"Such were the activities of the Romans and of Philip on land during that summer. At the beginning of the same summer, the fleet, commanded by the legate Lucius Apustius, left Corcyra, rounded Cape Malea, and joined King Attalus of Scyllaeum, in the region of Hermoine. Hitherto the resentment of the Athenian community against Philip had been kept in check by fear; but now, with the hope of assistance ready at hand, they gave free rein to their anger. There is never any lack at Athenian tongues ready and willing to stir up the passion of the common people; this kind of oratory is nurtured by the applause of the mob in all free communities; but this is especially true of Athens, where eloquence has the greatest influence. The popular assembly immediately carried a proposal that all statues of Philip and all portraits of him, with their inscriptions, and also those of his ancestors of either sex, should be removed and destroyed; that all feast-days, rites, and priesthoods instituted in honour of Philip or his ancestors should be deprived of sanctity; that even the sites of any memorials or inscriptions in his honour should be held accursed, and that it should not be lawful thereafter to decide to set up or dedicate on those sites any of those things which might lawfully be set up or dedicated on an undefiled site; that whenever the priests of the people offered prayer on behalf of the Athenian people and their allies, their armies and navies, they should on every occasion HEAP CURSES and execrations on Philip, his family and his realm, his forces on land and sea, AND THE WHOLE RACE AND NAME OF THE MACEDONIANS."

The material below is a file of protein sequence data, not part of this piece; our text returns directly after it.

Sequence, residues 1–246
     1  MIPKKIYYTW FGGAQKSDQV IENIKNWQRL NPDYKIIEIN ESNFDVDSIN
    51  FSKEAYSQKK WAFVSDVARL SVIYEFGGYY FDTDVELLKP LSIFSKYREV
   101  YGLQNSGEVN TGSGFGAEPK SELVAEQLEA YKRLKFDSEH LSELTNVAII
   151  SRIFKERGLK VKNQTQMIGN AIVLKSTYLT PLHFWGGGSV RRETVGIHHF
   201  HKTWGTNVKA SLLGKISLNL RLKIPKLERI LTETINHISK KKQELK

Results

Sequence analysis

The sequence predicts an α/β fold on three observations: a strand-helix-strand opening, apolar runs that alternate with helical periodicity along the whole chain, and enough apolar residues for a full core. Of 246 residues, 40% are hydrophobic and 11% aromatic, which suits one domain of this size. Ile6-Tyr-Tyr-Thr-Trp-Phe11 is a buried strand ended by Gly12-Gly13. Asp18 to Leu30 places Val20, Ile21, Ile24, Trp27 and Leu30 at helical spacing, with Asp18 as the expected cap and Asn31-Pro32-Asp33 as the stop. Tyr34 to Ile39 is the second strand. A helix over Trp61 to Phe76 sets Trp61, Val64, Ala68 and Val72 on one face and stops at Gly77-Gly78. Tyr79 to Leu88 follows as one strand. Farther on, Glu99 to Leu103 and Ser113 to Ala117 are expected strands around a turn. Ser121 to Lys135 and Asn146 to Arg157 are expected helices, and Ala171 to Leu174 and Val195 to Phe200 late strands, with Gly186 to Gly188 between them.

There was appended to this decree a provision that if anyone afterwards should bring forward a proposal tending to bring on Philip disgrace or dishonour then the Athenian people would pass it in its entirety; whereas if anyone should by word or deed seek to counter his disgrace, or to enhance his honour, the killing of such a person would be lawful homicide. A final clause provided that all the decrees formerly passed against the Pisistratidae should be observed in regard to Philip. This was the Athenians' war against Philip, a war of words, written or spoken, for that is where their only strength lies." [Livy's book XXXI.44]
The most pressing point, the one that screams for recognition, is the call for the Athenian people to (a) "heap curses and execrations on Philip, his family and his realm, his forces on land and sea, and the whole race and name of the Macedonians, and (b) whereas if anyone should by word or deed seek to counter his disgrace, or to enhance his honour, the killing of such a person would be lawful homicide.
In conclusion one must remember the following:
(a) The ancient Greeks regarded the ancient Macedonians as foreigners.
(b) They regarded the ancient Macedonians as people of different race.
(c) They regarded the ancient Macedonians as barbarians, as people who enslaved the Greeks.
(d) This episode describes the situation in Athens around 200 B.C.
(e) It should constantly be born in mind the intensity of the hate expressed towards the conqueror from the north - the Macedonians. If anyone in as much as utter a one positive word for Philip, then this person should be killed, and the killing of that person would be taken as lawful homicide. These feelings were mutual by the way.
(f) The suggestion by some authors (marginal lot, anyway) that these two dissimilar people "blended together" in some aspects of their culture becomes much harder to accept, and therefore, is rejected based such credible evidence.
It is apparent that ancient Greeks did not consider the ancient Macedonians as Greeks. Modern Greeks' assertion that ancient Macedonians were Greeks is constantly undermined by the view of the ancients. The fact remains that ancient Macedonians were just that - Macedonians.
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